The hark back to age-old practices is best demonstrated by their specially commissioned 13,000 litre clay fermentation tanks with no temperature controls and designed for a maximum of one daily pump-over. The winery also makes many unorthodox co-fermentations…

Read more Chilea Winemakers to Watch DB Sep 14


JUAN ALEJANDRO JOFRÉScreen Shot 2014-09-10 at 08.30.14

Ten years ago when Colchagua was becoming famous for its high alcohol, rich and concentrated reds, Juan Alejandro Jofré was beavering away at a very different style of wines in Viña Maquis — so different in fact that most blind tastings failed to pin it as Colchagua.

During that decade he changed around the viticulture of the vineyards according to his terroir hero, French consultant Xavier Choné, to be able to make lean wines with high acidity and low alcohol, picking up to a month earlier than his neighbours. Jofré’s wines bucked the trend back then, and gained him critical acclaim as journalists and drinkers began to tire of overripe reds.

While at first he was ridiculed by his neighbours, he soon became recognised as one of Chile’s most promising young winemakers. When he began to feel limited by not being able to push his style more, Jofré left Maquis in 2013 to start working on his own projects. “I wanted to make these cool climate wines from Curicó because it is the heart of Chile, but a very mistreated region… It has a bad reputation but I think it can be extraordinary for making wine…”

Read more Chilea Winemakers to Watch DB Sep 14


Julio Bastias is one of the biggest biodynamics disciples in Chile. He started at Matetic in 2002 and worked under the late consultant Alan York until he was appointed head winemaker two years ago. His wines in coastal Casablanca and San Antonio have garnered numerous awards, as well as forging the way for cool climate coastal red varieties including Syrah and Pinot Noir.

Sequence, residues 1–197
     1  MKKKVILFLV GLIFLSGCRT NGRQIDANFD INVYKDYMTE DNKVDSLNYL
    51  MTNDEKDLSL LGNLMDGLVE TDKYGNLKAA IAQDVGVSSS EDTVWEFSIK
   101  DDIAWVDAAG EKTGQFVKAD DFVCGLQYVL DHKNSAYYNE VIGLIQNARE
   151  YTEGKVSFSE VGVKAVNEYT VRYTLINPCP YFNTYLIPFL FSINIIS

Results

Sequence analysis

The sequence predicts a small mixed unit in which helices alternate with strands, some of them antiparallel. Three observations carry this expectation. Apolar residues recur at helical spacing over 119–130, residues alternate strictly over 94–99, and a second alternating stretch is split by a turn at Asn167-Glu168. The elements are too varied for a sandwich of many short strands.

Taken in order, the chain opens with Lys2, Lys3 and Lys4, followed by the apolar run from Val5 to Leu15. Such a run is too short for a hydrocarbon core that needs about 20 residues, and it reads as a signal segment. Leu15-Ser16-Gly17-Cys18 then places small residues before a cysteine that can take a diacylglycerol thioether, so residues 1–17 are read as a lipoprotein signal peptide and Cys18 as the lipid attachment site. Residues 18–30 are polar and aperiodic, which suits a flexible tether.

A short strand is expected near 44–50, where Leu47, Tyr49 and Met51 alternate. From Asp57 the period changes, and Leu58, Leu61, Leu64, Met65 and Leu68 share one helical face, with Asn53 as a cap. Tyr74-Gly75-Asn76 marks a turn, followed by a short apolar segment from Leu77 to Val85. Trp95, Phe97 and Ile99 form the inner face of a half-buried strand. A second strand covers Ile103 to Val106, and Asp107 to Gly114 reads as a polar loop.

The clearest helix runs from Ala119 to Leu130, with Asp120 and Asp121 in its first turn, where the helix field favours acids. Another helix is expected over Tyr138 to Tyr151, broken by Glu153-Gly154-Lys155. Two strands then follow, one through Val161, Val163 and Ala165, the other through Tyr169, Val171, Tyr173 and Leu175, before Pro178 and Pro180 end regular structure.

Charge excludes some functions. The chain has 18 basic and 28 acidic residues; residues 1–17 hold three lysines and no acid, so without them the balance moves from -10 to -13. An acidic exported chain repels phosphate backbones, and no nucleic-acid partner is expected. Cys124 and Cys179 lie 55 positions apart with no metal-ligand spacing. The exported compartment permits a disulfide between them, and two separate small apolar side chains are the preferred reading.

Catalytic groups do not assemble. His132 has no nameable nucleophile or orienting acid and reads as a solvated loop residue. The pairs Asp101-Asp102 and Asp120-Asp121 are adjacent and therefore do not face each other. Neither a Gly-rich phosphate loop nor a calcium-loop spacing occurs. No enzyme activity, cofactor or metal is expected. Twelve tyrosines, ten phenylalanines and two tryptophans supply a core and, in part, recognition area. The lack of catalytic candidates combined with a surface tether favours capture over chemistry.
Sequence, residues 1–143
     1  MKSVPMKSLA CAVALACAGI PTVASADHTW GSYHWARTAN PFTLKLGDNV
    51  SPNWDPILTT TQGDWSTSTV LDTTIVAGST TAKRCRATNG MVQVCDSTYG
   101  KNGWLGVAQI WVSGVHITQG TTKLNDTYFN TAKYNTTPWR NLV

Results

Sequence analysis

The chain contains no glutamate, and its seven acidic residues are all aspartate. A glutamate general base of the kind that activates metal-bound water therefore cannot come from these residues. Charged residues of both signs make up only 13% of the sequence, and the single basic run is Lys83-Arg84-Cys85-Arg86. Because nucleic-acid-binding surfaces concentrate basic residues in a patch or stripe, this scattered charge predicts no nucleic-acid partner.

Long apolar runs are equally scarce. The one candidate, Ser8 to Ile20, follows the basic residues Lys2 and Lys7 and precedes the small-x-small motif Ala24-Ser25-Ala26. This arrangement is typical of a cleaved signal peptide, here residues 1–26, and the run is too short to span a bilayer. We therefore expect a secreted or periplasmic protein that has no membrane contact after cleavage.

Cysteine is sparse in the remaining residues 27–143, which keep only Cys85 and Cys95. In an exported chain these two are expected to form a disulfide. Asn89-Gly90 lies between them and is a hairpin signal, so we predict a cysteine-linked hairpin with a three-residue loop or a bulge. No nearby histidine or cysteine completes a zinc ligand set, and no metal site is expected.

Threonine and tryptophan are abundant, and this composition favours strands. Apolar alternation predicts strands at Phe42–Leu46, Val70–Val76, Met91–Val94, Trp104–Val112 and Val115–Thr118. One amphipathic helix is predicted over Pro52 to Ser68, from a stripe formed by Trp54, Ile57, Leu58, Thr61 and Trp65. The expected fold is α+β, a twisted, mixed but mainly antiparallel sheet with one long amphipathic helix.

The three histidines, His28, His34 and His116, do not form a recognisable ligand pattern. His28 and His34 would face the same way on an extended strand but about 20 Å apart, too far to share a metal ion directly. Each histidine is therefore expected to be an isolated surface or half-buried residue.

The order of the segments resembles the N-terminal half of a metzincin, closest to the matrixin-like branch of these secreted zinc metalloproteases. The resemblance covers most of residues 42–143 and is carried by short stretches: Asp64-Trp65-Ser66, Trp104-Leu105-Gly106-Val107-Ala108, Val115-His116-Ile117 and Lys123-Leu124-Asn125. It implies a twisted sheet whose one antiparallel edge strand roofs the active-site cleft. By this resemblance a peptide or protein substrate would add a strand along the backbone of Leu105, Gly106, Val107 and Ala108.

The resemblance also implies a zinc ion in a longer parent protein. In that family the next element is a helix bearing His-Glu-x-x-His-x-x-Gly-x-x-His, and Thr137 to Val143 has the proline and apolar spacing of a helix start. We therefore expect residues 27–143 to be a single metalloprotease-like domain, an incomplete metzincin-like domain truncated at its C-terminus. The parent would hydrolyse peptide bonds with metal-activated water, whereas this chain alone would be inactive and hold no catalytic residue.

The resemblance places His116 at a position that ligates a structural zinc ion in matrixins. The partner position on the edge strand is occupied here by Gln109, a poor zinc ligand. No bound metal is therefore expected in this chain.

“The truth is that we have made these wines with just viticulture work,” he says. “We use minimal intervention in the winemaking… We think that the quality of fruit is so spectacular by itself that we don’t need to change much. For us, biodynamics is the best way to reach a true connection between the wines and the origin of the grapes…”

Read more Chilea Winemakers to Watch DB Sep 14


This young Chilean winemaker is rising through the ranks in Miguel Torres’ Chilean winery. He was first hired for a research post and is now master of blends for the winery’s top wines after just six years. What makes Beghelli stand out though is his work on Chile’s oldest and long-forgotten variety, País. When Miguel Torres received a government grant to look into what can be done with the 15,000 hectares of the variety in Chile, he recruited Beghelli to get out and collect samples from different vineyards in Maule, make a sellable wine from it and rescue the variety from oblivion.

“País has a risk of disappearing and if you see these vineyards there is nothing like it in the world,” says Beghelli, talking about the vines that are often over 100 years old. “I don’t know how the industry can ignore it; they don’t see any desire to work with it. In 2006 it was one of the most planted varieties with 15,000 hectares, but in 2012 there were 5,000…”


Chile’s wine industry is diversifying and changing thanks to many hands in the winery and vineyards. Here are some further honourable mentions to note:

Alvaro Espinoza, Juan Ledesma, Louis- Antoine Luyt, Felipe Müller, Viviana Navarrete, Grant Phelps, Enrique Tirado, Rafael Tirado, Felipe Uribe and Rafael Urrejola.